Thursday, August 23, 2012

The Key to Speed is Trust

In his August 2012 blog post ASQ CEO Paul Borawski probes the issue of feelings in building a culture of quality noting that feelings drive loyalty and success. Paul asks what personal attributes you look for when hiring someone into your organization. While developing my response this month I serendipitously came across the following Lou Holtz quote in my Franklin Planner®, "Ability is what you are capable of doing. Motivation determines what you do. Attitude determines how well you do it".  I recently hired two individuals into my organization. I place a great deal of emphasis and weight on the applicant's attitude. Competencies being equal, additional skills can be taught.

Simon Sinek ("Golden Circles") tells us that the lymbic brain is responsible for human emotions and feelings, like trust and loyalty; the lymbic brain is also responsible for all human behavior and controls our decision-making. Talent, passion, ethics and integrity are personal traits that I look for in the interview process.

Speaking of trust... trust must be earned and is absolutely required in order to build empowered, engaged employees and high performing teams. Trust is built on a foundation of mutual respect and dignity. Based on research spanning 10 million employees and 10 million customers around the globe, Gallup shows that organizations employing HumanSigma® management principles have outperformed their five largest competitors by 26% in gross margin and 85% in sales growth. In fact, companies that built this critical mass of employee engagement grew earnings per share (EPS) at 2.6 times the rate of companies that did not. HumanSigma changes how leaders view their work, their employees, and their customers.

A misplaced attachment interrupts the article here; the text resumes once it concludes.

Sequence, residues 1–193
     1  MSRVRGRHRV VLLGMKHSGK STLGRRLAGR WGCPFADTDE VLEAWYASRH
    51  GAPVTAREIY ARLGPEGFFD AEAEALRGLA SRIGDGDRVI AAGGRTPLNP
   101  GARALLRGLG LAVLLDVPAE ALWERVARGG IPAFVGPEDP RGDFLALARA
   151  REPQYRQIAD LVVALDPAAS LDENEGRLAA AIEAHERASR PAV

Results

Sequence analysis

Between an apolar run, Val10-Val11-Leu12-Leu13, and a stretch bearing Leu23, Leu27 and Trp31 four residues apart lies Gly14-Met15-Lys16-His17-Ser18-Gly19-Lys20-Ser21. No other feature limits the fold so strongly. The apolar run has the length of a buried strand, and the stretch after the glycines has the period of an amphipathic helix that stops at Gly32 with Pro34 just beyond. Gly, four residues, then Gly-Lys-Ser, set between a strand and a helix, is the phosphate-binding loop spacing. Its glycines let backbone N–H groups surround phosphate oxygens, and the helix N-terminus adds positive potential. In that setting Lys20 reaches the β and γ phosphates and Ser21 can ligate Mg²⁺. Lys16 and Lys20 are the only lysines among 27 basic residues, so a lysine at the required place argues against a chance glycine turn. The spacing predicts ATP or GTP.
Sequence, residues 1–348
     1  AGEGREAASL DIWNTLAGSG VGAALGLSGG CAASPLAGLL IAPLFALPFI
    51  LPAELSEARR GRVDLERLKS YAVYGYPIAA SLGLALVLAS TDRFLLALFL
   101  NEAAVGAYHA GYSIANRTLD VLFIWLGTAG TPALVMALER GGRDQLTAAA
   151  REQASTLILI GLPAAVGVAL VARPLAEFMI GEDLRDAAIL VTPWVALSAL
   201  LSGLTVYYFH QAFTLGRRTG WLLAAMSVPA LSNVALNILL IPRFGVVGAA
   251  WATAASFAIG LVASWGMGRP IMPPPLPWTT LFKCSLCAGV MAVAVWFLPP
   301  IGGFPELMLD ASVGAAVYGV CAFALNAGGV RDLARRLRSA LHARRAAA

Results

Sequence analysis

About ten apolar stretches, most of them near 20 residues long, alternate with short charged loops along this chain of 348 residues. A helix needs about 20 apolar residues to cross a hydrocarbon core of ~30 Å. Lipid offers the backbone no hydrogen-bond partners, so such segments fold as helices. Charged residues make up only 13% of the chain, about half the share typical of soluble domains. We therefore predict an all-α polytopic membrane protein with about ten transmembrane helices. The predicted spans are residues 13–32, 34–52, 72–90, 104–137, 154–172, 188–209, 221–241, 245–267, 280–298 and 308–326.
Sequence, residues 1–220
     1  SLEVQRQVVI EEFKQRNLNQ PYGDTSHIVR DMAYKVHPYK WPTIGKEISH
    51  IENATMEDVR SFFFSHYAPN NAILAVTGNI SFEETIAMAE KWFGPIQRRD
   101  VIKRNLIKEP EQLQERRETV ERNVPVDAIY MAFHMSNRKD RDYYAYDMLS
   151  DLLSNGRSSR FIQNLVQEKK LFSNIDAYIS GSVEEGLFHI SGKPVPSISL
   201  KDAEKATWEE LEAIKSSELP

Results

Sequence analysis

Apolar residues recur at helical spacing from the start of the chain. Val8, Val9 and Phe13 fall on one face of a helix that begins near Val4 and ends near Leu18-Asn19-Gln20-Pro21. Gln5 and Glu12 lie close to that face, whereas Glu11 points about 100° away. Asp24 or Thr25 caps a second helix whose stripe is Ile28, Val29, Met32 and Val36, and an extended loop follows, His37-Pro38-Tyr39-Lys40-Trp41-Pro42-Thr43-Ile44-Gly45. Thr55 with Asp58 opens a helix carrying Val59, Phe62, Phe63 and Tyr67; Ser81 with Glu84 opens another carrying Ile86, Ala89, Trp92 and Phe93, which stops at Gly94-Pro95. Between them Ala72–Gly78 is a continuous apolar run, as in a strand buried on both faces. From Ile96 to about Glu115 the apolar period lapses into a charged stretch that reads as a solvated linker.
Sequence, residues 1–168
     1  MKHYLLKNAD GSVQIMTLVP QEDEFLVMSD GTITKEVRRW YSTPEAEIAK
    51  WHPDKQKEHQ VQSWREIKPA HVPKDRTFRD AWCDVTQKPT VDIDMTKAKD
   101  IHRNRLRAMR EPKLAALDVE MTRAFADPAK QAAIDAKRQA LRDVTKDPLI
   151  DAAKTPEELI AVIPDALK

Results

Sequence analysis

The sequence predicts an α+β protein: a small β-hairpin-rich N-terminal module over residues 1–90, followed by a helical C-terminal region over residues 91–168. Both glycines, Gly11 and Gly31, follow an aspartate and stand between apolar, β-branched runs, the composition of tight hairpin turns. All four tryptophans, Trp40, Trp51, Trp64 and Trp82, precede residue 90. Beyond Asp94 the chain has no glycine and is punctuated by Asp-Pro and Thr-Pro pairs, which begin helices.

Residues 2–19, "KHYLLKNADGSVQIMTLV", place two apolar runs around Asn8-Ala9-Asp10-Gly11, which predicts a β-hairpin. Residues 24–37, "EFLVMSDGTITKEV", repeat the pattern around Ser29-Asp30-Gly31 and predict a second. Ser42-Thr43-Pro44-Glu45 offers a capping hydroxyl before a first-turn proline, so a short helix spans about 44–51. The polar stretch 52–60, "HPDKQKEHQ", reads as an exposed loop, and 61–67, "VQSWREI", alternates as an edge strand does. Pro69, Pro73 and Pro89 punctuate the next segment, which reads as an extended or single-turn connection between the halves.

So, if feelings - and trust - are so critical to building a culture of quality, how do leaders create a culture of accountability? In his book, The Speed of Trust, Stephen Covey writes, "... in our flat world economy, the ability to establish, grow, extend, and restore trust is the key professional and personal competency of our time. And the ability to exercise Smart Trust is a vital part of that competency".
The authentic leader is able to effectively communicate the organization's values and principles, possesses strong influencing and story-telling skills, and consistently and constantly models the desired behaviors. Systems and structures such as measurement, recognition and reward are implemented and institutionalized to shape mental models and motivate even greater performance. Joseph Grenny, author of Influencer, says that "true leadership is intentional influence". Influencing is about changing behavior. Motivation is a function of beliefs and personal mental models. The key to successfully effect change is to first identify whether the individual is morally asleep - unconscious of the implications of their behavior, morally deficient, or simply lacks the necessary ability.

Finally, what feelings do I associate with a quality culture? Joy in work. Pride in results. Sense of ownership and personal accountability. Freedom to choose one's own path. Respect from peers, colleagues, suppliers, customers, management and leadership.

If you're working to build a culture of quality in your organization, what attitudes do you believe support the success of a culture of quality? Are the personal attributes universal, or do they differ around the world?


  1. I agree, trust is a key ingredient. And what is required is a deep trust, not some feel good trust. It requires both belief you won't try and rip me off but also that you have the work ethic, abilities and systems to succeed. Trust isn't just that I like you, but I trust relying on you to deliver.

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